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marinedrugs-13-00618-f016: Structure of Homophymines A–E (99–103) and A1–E1 (104–108). Homophymines are a series of cyclodepsipeptides isolated from Homophymia sp. collected from shallow waters off the east coast of New Caledonia [87,88].

Mentions: The cytotoxic cyclic peptide lactone, koshikamide B (109), is the first account of a peptide possessing a carbamoylated asparagine and the new amino acid residue 2-(3-amino-2-hydroxy-5-oxopyrrolidin-2-yl) propionic acid (AHPP) [89]. It was initially isolated from a Theonella sp., collected off Shimokoshiki Island, Kagoshima Prefecture, Japan. It exhibited cytotoxicity against P388 murine leukemia and HCT-116 human colon tumor cell lines, with IC50 values of 0.22 and 3.7 μM, respectively (Figure 16). Koshikamides F–H (110–112) are 17-residue depsipeptides containing a 10-residue macrolactone that inhibits HIV-1 entry against a CCR5-using viral envelope, with IC50 values of 2.3 and 5.5 μM, respectively, whereas their linear kishikamides C were inactive [90]. Koshikamides F–H also had moderate cytotoxicity in the HCT-116 colon cancer cell line with an IC50 of 10 μM. Koshikamides F-H did not inhibit the growth of C. albicans.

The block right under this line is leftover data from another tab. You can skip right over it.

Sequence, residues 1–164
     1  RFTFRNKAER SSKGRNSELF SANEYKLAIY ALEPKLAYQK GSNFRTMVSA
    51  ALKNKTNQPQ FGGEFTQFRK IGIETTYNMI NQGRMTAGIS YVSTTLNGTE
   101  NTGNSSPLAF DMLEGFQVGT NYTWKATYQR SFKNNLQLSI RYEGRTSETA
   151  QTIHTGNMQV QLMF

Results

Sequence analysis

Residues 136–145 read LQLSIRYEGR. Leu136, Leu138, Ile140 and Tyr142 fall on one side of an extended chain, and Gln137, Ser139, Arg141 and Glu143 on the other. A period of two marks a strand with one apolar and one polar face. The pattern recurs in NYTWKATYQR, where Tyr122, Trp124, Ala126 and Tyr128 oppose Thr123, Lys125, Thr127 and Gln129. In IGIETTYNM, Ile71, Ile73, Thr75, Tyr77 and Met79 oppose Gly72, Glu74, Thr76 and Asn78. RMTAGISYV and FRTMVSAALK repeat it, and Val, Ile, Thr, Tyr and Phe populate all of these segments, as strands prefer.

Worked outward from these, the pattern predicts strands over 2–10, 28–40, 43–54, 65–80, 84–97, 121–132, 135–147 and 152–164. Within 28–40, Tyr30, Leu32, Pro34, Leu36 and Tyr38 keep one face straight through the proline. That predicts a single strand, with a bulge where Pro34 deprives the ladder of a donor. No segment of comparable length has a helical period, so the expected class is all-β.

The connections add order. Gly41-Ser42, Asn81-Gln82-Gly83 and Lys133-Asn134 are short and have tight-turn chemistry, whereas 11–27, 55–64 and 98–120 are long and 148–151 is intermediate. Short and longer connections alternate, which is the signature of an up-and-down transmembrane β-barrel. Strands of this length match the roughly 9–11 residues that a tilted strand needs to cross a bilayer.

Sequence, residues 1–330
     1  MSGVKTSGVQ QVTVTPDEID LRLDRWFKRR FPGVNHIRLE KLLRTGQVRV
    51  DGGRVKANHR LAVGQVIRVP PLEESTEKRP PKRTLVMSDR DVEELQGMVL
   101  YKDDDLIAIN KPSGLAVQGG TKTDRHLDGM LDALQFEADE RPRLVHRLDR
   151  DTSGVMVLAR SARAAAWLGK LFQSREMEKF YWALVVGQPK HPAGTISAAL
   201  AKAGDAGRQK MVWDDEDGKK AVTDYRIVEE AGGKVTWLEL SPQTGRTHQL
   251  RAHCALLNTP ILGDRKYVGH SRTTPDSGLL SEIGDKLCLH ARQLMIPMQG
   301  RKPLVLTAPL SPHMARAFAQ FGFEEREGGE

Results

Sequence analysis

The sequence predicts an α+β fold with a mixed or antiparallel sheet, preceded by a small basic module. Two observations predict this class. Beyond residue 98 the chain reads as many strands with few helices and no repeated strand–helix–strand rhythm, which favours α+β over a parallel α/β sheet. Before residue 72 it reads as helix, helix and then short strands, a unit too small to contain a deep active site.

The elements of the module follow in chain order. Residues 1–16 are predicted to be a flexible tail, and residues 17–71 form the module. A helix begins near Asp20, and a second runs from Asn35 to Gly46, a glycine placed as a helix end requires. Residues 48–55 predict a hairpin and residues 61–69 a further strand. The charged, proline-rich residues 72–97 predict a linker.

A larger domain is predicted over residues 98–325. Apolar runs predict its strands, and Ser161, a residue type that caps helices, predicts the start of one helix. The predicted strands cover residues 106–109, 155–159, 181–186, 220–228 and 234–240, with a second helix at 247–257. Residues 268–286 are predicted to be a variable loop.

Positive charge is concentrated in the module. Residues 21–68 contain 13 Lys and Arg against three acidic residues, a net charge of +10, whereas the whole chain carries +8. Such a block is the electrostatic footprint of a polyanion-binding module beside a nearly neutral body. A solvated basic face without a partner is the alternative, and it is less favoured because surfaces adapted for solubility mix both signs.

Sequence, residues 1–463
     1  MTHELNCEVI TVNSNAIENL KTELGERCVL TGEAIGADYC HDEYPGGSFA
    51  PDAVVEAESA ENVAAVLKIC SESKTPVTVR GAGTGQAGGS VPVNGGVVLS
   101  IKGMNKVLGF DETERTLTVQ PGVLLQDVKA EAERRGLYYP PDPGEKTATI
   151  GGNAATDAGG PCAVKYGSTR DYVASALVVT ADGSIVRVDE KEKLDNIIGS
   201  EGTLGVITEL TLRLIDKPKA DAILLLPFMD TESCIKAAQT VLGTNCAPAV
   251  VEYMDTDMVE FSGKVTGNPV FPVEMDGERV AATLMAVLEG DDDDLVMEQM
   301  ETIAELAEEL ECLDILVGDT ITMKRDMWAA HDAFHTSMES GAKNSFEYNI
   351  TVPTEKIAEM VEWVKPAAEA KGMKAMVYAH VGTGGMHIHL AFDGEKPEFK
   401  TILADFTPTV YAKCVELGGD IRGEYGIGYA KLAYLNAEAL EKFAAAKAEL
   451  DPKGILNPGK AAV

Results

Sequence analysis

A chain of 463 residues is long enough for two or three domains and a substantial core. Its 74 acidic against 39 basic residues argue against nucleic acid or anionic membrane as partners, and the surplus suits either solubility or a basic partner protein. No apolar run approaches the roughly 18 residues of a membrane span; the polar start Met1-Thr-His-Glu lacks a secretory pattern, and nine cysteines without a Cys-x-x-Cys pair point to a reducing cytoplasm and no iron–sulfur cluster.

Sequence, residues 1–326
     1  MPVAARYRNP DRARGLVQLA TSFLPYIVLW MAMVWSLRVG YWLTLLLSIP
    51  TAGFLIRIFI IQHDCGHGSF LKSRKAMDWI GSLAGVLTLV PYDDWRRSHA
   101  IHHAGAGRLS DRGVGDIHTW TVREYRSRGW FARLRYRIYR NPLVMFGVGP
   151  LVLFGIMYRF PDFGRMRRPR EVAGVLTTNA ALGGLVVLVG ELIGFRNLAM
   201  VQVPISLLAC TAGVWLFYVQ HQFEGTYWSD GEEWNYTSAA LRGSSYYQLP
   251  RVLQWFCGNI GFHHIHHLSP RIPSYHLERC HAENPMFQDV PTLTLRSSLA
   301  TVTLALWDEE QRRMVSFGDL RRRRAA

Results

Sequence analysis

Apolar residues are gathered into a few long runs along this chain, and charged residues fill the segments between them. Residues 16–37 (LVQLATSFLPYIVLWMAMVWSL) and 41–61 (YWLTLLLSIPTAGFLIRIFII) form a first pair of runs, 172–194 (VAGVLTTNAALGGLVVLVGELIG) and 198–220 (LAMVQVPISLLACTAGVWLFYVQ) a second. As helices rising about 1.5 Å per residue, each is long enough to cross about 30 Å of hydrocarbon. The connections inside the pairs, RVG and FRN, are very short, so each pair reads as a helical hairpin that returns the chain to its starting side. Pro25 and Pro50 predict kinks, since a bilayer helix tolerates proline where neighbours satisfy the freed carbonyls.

Marine peptides and their anti-infective activities.

Kang HK, Seo CH, Park Y - Mar Drugs (2015)